When Fort Worth Mayor Mattie Parker laid out her vision and priorities for creating a “world-class city” during her recent State of the City address, she acknowledged that this is a challenge that the city cannot accomplish alone.
Along with the city, there are many civic groups and nonprofit organizations working on solutions ranging from education and workforce development to improving public safety, helping the homeless, protecting open space and expanding mobility and transportation.
On the economic development front, the Fort Worth Chamber of Commerce continues its commanding role in attracting new businesses and industries to Fort Worth, which also benefit the entire North Texas region, according to officials.
Chamber leaders point to a number of positive results, which defy the sluggish national economy, and position Fort Worth as a leading destination for businesses and industries to locate or expand operations and for entrepreneurs to launch new enterprises.
“We continue to see strong interest in our market,” said Chris Strayer, executive vice president of economic development for the Fort Worth Chamber of Commerce.
The proof is in the number of requests for proposals (RFPs) that the chamber has seen during the past five years, growing steadily from 60 in 2018 to 121 during the height of the pandemic in 2020 to 200 so far this year.
This year alone, the chamber has announced 13 new projects, and there is still nearly a quarter of the year remaining, according to a recent activity update.
These projects represent a capital investment of $605 million and the addition of 1,200 new jobs. Among the announced projects, was MP Materials’ plan to construct a factory to produce rare earth elements and magnets for General Motors’ electric vehicle program – a project that will add 150 high-skilled jobs and 1,300 indirect jobs, according to the chamber.
Helping drive Fort Worth’s desirability is the rapid population growth that has propelled Fort Worth to the rank of the nation’s 13th largest city. The city added more than 185,000 new residents between 2010 and 2020, according to U.S. Census estimates.
During the pandemic, the Dallas-Fort Worth area was second to Phoenix in population growth and is now the country’s fourth largest metro area, surpassing Houston.
Newcomers come primarily from the West Coast and the Midwest and are attracted by Texas’ business-friendly tax and regulatory structure. Also, the area offers lifestyle and cultural opportunities and a lower density environment than many of the places newcomers exited.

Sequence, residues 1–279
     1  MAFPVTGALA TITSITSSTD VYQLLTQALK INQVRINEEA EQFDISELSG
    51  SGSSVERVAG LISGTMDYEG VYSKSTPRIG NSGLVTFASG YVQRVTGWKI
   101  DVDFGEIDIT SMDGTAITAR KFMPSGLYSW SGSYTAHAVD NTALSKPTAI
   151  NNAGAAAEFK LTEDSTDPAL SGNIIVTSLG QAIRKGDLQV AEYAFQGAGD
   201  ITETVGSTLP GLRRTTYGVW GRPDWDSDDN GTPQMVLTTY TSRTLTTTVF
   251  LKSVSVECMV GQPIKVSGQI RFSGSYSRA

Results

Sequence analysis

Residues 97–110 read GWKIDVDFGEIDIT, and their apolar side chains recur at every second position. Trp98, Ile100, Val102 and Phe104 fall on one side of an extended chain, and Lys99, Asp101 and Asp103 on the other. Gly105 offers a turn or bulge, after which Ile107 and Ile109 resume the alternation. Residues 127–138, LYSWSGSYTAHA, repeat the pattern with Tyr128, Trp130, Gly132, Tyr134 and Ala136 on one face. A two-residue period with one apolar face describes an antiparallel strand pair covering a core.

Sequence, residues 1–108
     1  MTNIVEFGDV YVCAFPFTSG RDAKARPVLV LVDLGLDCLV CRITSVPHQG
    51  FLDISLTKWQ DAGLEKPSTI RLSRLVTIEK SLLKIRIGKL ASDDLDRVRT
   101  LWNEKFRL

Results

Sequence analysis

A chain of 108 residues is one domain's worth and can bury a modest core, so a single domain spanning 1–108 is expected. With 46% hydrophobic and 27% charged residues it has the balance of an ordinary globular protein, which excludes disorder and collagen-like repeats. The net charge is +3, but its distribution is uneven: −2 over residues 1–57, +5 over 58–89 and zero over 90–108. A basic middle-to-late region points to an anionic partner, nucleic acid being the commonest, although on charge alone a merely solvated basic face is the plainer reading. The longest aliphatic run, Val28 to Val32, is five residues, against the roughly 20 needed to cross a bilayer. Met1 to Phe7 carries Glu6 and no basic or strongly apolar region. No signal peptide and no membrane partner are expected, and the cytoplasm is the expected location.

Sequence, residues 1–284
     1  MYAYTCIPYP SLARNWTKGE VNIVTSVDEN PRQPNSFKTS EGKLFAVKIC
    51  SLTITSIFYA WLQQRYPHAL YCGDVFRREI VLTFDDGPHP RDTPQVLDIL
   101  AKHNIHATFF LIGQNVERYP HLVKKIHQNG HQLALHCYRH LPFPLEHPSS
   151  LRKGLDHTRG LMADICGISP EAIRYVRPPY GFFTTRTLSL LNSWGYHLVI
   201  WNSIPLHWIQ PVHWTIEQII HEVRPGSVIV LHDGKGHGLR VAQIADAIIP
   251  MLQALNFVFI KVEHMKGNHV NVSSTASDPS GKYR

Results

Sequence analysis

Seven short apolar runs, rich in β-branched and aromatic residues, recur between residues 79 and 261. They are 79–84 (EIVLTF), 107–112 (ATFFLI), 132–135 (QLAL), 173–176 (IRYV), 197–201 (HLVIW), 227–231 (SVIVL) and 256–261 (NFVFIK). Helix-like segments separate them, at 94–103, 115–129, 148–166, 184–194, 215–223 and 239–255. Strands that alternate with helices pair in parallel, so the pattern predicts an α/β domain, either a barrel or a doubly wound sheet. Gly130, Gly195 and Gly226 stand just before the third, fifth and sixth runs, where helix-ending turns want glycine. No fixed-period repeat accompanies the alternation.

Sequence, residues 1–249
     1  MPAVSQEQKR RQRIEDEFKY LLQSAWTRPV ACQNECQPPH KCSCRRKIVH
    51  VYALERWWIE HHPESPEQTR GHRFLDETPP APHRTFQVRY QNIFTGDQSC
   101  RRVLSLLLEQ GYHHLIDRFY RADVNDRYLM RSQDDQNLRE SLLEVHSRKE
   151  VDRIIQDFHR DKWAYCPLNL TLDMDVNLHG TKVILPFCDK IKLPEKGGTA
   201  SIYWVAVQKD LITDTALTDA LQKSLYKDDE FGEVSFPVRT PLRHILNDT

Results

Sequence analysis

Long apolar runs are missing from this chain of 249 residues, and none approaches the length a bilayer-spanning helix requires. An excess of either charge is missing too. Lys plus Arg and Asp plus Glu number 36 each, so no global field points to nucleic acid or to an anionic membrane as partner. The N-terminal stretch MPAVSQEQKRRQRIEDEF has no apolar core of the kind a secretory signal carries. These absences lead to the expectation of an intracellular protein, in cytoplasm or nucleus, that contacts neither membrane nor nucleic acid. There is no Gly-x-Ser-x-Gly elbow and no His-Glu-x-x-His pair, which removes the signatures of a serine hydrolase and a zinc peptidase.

Growth, along with existing population, provides Fort Worth with an advantage among companies looking for a suitable workforce.
“Everyone wants to know about workforce,” Strayer said. “It’s very important because companies need to know that they are going to have the talent they need to be successful.
“The labor market is tough across the country but we are doing a lot better job that others,” he said.
Between the abundance of Fort Worth-based and regional higher education institutions, along with certificate-based career training programs, Fort Worth has the talent variety and availability that companies are seeking.
Besides talent, Fort Worth has an inventory of available real estate, which is also important for companies seeking to relocate or build a new facility, Strayer said.
Fort Worth has seen recent investment in hospitality, particularly new hotels such as The Sinclair Fort Worth, the Kimpton Harper Hotel and the AC Hotel Downtown, all located downtown.
The city has also seen growth in biotech portfolio with companies such as Eosera, an innovator in ear care products, joining the established world leader in vision care, Alcon Laboratories.
Nevertheless, the chamber’s strategic growth focus is on growing its core industries of aerospace and defense, mobility, energy, and innovation. Another priority is attracting more corporate headquarters.
“We want to support the businesses that are already here and grow those sectors in the market as well,” Strayer said.
The chamber’s efforts to achieve those goals include ambitious marketing efforts, including a 2021 rebranding to focus programs and initiatives on attracting the “next generation” of business leaders and entrepreneurs.
The chamber’s other strategies to achieve its ambitious economic development goals include the city’s ongoing coordination with city initiatives and the recent introduction of the Fort Worth Chamber’s Regional Economic Development Partnership program, a first-of-its kind effort that brings together nearly 20 cities, counties and economic development organizations on the western side of the DFW area.
The aim of the program is to replace competition with cooperation among the partner cities. By combining efforts to showcase what is available on the Fort Worth side of the DFW, everyone in this area wins, Strayer said.
“If a project lands in Southlake, it would benefit all of us because there would be new job creation and those employees would live and spend money in Fort Worth and the other local communities,” Strayer said.
Strayer said the chamber continues to be involved in economic development efforts with the Dallas Regional Chamber of Commerce but the localized western side partnership program helps smaller communities get better notice than they could on their own.
Fort Worth Chamber officials take pride in the chamber’s success given that its budget of $4.5 million is less than a third of the budget of the Greater Oklahoma City Chamber, which has a budget of almost $18 million, yet Fort Worth works on behalf of a much larger population.
Among eight competitor chambers of commerce, the Fort Worth Chamber’s budget ranks seventh, behind Oklahoma City, Houston, Dallas, Nashville, Phoenix, and Austin. Only the San Antonio chamber’s budget lags Fort Worth’s.